In episode 1, with a second European war looming on the horizon, the team set about making a number of improvements to the farm. The installation of electric lighting (from a portable petrol-powered generator) allows them to work later into the evenings, while household labour-savers like a paraffin range cooker, electric clothes iron and linoleum flooring mean Ruth can spend more time aiding the war effort and less time on household chores. Alex and Peter, meanwhile, set about constructing a Mole Subsoiler from scrap farming equipment, to drain their waterlogged clay fields. However, with time running out and their improvised subsoiler literally buckling under pressure, they are forced to plough and sow through the night without draining the field, despite warnings from the local "War Ag" over potential water damage.


Directed by Stuart Elliott and Naomi Benson
Produced by David Upshal
These films are presented as an exception to the copyright act as fair dealing for the purpose of research, private study, education, parody or satire. See bill c-42 article 29.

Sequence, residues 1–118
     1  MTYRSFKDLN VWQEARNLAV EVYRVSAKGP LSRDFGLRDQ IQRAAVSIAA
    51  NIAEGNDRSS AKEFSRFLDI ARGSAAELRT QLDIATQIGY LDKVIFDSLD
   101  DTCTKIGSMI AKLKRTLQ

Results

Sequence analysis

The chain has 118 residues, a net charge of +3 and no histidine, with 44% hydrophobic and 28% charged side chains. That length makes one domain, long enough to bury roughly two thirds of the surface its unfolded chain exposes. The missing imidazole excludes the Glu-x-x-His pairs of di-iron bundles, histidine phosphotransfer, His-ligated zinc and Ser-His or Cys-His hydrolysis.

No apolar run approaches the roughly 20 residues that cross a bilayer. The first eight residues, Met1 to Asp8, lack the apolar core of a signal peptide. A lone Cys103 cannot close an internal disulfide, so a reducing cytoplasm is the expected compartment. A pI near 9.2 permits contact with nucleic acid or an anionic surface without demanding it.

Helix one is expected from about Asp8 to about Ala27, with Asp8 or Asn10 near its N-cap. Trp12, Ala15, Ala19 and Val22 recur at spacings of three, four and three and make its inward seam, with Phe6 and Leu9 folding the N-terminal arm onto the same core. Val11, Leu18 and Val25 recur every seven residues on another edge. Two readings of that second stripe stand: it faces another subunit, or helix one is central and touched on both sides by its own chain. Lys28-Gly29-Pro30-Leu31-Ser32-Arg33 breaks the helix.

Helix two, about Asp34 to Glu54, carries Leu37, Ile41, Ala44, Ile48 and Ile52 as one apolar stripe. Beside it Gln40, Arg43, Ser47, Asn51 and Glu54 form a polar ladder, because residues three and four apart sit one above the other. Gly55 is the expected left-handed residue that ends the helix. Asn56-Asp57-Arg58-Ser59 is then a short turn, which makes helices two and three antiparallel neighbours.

Thursday, August 14, 2014

Introducing Movie Mondays on the CPN!

Starting August 18, the Canadian Preppers Network will be 

Movie Mondays is a project we have undertaken to show films, documentaries, commentaries, etc that relate in some way to the lifestyle of preparedness in the hopes that we can learn about old time skills, modern day disasters, and other events of concern.  Also, we hope that you will take advantage of taking some time off at the end of your busy days to be entertained, while hopefully picking up new ideas.

We already have an 8 part documentary series set up and ready to go so grab some popcorn, sit back, and enjoy.

Wednesday, August 13, 2014

Special Workshop With Cam & Michel Mather For CPN Members

Does living off the grid interest you? 

 Would you like to grow your own food?  

Maybe you're just looking to reduce your carbon footprint?

If so, then this is definitely for you!

The Living Sustainably and Independently, Ready for Rough Times, Hands-On, Off-Grid, Prepping Workshop

 Hosted by Cam and Michelle Mather

  • tour the gardens
  • see the power system - solar and wind - completely off grid
  • check out the root celler
  • much much more!